Xiao long bao, chinkiang vinegar sauce

I should have known what I was getting myself into when I put xiao long bao ("soup dumplings") on the menu for a dinner party. This dish (in addition to the Silken tofu with mentsuyu and chili oil) is inspired by Corey Lee of Benu restaurant. All the ties to Benu are quite deliberate: Corey Lee is one of my biggest inspirations and all of my guests have had the fortune of eating at Benu, and thus I wanted to serve dishes that would evoke that common thread. That said, I find xiao long bao unbelievably difficult to prepare properly and it's a small miracle I found these even acceptable during the main event.

If you've never had a soup dumpling, it's quite literally what it sounds like: a small pleated dumpling that bursts with hot liquid soup when you eat it. It may seem a mystery how you get liquid inside of a dumpling, but put your syringes away; the secret is to set the soup stock into a jelly of sorts with gelatin, which then melts when steamed and served. You'll read that the way to eat a soup dumpling is to pierce it and drink the soup from a large spoon before eating the dumpling (and remaining meat filling), but I sort of like just eating the whole thing in one bite - they burst in a fun way. Make sure your dumplings are not scalding hot if you want to try this.

This is a barely-modified version of the recipe that originally appeared on ChefSteps with Andrea Nguyen. I added shrimp to the filling on a whim (leading to a possibly confused mix of proteins), and believe it or not, used storebought dumpling wrappers instead of making my own dough. Before there are riots on the streets, I should say I have made my own dough for one practice batch, but was unable to achieve a quality I was satisfied with, so perfectly round and flat storebought wrappers it is.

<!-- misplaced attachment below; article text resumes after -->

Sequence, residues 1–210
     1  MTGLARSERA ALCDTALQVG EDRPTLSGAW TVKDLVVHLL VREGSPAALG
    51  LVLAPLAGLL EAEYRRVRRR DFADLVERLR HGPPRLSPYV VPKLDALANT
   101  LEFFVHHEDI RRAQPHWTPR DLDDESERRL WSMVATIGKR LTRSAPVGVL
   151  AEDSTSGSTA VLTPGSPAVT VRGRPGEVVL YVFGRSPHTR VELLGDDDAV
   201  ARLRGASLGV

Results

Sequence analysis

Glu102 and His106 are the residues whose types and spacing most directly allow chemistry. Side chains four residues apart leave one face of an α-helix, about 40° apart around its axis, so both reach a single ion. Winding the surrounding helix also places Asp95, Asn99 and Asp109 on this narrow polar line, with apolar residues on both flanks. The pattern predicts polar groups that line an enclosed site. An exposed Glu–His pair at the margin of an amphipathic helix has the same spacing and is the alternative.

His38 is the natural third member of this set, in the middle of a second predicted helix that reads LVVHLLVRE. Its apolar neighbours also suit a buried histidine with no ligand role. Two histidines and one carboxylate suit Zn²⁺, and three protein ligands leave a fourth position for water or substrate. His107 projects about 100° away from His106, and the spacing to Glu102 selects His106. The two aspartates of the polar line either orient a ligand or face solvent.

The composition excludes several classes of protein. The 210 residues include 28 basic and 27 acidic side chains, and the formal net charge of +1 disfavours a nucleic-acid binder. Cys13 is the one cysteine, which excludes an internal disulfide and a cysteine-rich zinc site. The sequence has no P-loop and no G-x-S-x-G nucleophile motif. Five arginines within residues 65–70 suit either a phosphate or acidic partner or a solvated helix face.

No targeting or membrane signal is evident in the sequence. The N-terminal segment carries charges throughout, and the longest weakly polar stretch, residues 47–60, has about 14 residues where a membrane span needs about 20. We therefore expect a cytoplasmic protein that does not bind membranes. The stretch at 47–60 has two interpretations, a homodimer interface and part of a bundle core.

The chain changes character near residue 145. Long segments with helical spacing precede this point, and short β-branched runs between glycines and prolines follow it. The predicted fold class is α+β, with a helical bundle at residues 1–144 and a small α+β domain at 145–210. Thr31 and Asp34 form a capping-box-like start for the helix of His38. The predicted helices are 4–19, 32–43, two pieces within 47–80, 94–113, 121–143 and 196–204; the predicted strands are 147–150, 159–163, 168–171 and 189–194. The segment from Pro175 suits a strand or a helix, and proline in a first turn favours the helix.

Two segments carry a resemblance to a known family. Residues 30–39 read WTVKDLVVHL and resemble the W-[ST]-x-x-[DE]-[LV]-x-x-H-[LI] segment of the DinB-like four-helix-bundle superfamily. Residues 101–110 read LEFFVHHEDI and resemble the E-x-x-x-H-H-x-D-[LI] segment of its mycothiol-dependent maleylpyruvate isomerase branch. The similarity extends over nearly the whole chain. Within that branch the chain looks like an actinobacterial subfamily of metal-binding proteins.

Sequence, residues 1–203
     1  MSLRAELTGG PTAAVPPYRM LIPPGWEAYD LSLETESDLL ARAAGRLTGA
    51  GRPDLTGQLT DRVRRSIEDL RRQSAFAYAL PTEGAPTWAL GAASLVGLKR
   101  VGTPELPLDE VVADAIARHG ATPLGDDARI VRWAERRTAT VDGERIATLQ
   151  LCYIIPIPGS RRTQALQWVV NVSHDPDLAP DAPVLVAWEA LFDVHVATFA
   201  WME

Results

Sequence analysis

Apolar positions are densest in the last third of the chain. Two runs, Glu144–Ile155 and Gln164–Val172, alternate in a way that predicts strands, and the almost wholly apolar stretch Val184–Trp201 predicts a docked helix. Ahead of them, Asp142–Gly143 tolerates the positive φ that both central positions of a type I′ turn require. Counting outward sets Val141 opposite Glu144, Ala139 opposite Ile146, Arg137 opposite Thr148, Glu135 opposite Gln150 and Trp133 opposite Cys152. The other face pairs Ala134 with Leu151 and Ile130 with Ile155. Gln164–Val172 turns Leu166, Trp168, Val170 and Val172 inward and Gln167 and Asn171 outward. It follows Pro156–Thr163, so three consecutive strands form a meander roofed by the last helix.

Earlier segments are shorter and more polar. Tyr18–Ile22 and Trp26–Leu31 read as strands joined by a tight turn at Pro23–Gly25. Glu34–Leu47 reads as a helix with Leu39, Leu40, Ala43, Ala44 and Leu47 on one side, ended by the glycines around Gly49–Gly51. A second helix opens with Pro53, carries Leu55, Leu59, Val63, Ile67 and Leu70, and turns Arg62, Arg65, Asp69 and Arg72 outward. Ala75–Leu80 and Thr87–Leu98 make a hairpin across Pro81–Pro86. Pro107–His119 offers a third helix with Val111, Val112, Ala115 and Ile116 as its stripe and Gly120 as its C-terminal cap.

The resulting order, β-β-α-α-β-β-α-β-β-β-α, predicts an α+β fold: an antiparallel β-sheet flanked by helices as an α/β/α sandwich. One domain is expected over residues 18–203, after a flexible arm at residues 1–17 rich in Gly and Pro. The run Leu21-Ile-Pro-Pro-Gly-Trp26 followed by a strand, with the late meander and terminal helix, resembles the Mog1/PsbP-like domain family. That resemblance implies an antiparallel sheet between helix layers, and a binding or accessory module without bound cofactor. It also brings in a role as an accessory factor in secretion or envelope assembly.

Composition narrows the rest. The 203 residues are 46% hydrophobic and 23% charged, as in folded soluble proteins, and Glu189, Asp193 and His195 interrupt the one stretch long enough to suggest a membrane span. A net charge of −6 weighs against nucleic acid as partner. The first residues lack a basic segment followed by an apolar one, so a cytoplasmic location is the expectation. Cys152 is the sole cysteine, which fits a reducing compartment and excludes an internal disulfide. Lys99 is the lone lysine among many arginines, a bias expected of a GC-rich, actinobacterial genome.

I served these with a dipping sauce made of black vinegar and soy which has a complex smoky/salty flavor. I had to travel far and wide to find black vinegar (at a Vietnamese market, no less) - if you can't find any, just soy sauce should be okay, but there's no easy substitute that I know of.

Click for larger image

Ingredients

For 4 servings.

For the soup:

360g chicken stock

1/3 in ginger, unpeeled

1 scallion

1 slice bacon, chopped

2 sheets gelatin

For the filling:

190g fatty ground pork

125g shrimp (9x 26-30ct)

1/2 in ginger, peeled and minced

1 scallion

15g Shaoxing wine (substitute dry sherry)

4g sesame oil

5g shoyu (Japanese soy sauce)

6g sugar

1.5g kosher salt

Black pepper

For the chinkiang vinegar sauce:

45g chinkiang vinegar (black vinegar)

10g shoyu (Japanese soy sauce)

1.5 in ginger, peeled and julienned

Directions

  1. Prepare the chinkiang vinegar sauce: combine all ingredients, mix well. Reserve in the refrigerator until needed.
  2. At least 6 hours in advance, prepare the soup: slice the ginger into small rounds and smash with the back of your knife. Combine all ingredients except gelatin in a pot and bring to boil; reduce by about half.
  3. Strain the soup, and cool for at least 15 minutes. Bloom the gelatin in cold water for at least 5 minutes.
  4. Melt the gelatin into the soup, stir well, and transfer to a quarter sheet pan and chill in the refrigerator. Gelatin takes many hours to set properly, so plan accordingly. I've pulled it too early, and ended up with a very wobbly jelly that is nearly impossible to work with properly.
  5. Prepare the filling: combine all ingredients in a food processor and pulse until combined well. Transfer to a bowl and reserve in the refrigerator until ready to assemble.
  6. Finely chop the set soup jelly. At this point you can add the jellies directly to the meat mix, but I chose to keep them separate.
  7. To assemble: brush a wet fingertip around the edge of a dumpling wrapper. Add about a tablespoon of pork filling to the center, and top with a few of the soup jellies. Watch the ChefSteps video on repeat to learn the pleating technique (I certainly haven't mastered it yet). Repeat until out of filling or you have the desired number of dumplings (the fillings can be kept separately for 1 day in the refrigerator).
  8. To serve: steam the dumplings on parchment paper for 9 minutes. Carefully add two dumplings to each bowl and serve with chopsticks and the black vinegar sauce.

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